The Egyptian Parliament’s Communication Committee approved on Tuesday three articles of a draft law entitled Countering IT Crime in a move paving the way to legalize the state’s blockage of hundreds of websites that it claims contain potential threats to the country’s national security.
According to state-run newspaper of Al-Ahram, the law will allow authorities to block any website whether inside or outside Egypt that is proved to have content that represents a threat to Egypt’s security.
Article number seven of the law stipulates that the state body assigned to investigate the presence of websites that allegedly represent national security threats has the full authority to directly block the websites in question. The law does not clarify which state body that is responsible for the task.
The article added that if there is an urgent need to take measures against a website with content of a threatening nature to Egypt’s national security, authorities can directly notify the National Apparatus for the Organization of Telecommunications to block it.
The law further stipulates that after the assigned authority has taken the decision to implement a block of a certain website, a court can refuse to apply the decision.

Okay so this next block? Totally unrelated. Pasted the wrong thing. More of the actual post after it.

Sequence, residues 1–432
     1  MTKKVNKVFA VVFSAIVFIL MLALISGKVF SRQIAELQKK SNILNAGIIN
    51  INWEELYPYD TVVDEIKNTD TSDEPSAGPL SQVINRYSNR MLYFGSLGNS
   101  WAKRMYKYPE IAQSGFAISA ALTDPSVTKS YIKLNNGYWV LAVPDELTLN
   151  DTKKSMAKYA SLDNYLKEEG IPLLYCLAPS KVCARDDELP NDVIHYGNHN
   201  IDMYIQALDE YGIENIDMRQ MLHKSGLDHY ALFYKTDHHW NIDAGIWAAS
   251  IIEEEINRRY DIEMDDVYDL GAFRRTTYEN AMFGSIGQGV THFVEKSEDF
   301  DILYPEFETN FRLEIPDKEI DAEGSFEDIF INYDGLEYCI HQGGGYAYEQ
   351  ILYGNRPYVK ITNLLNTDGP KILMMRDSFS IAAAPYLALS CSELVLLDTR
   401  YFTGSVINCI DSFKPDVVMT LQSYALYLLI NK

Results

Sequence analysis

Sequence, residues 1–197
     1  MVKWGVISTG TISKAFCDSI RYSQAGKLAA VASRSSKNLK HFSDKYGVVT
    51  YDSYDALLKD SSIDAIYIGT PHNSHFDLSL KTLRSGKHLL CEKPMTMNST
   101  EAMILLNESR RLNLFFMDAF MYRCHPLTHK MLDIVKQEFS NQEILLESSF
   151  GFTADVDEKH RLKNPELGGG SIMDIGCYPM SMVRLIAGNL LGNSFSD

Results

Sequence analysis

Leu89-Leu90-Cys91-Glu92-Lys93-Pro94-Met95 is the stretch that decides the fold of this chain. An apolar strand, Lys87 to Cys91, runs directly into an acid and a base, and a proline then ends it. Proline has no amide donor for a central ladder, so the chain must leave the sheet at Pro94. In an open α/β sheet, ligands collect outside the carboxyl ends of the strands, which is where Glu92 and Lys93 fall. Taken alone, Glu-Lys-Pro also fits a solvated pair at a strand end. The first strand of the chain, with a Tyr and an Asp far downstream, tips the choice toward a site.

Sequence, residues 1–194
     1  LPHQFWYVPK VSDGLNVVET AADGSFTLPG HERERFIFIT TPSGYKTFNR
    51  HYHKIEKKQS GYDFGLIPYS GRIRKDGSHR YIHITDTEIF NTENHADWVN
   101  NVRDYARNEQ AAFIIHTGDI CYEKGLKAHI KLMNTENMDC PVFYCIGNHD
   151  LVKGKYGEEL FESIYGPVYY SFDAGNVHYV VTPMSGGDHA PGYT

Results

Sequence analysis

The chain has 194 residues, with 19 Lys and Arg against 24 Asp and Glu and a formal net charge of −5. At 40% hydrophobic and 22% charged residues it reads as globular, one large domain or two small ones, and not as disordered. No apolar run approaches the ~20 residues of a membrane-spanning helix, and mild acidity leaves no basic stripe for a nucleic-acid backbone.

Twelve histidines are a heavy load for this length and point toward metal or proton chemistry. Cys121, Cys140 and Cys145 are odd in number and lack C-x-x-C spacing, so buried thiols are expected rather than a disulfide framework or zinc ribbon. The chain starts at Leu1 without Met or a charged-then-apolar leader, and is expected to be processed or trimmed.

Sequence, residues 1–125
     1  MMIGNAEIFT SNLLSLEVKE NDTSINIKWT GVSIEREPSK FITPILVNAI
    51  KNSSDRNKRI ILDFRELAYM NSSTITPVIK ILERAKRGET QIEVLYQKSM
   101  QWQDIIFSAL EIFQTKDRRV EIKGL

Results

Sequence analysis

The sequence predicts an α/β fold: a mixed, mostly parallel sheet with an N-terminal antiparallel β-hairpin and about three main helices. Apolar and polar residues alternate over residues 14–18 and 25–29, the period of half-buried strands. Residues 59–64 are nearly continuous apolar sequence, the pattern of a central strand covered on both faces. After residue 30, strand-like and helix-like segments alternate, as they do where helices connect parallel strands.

Article number eight says that administrators of websites that have been blocked are able to appeal the decision seven days after the decision has been taken.
Since May 2017, about 500 websites, including news and human rights sites, have been blocked to the Egyptian public.
Blocked media includes independent news website Mada Masr, the privately-owned Daily News Egypt, Qatar-owned news agencies Al-Jazeera, El-Sharq, Al-Raya and El-Watan, in addition to the US-based HuffPost Arabic.
There has been no official announcement or clarification from any telecommunications entities regarding the reasons behind the bans.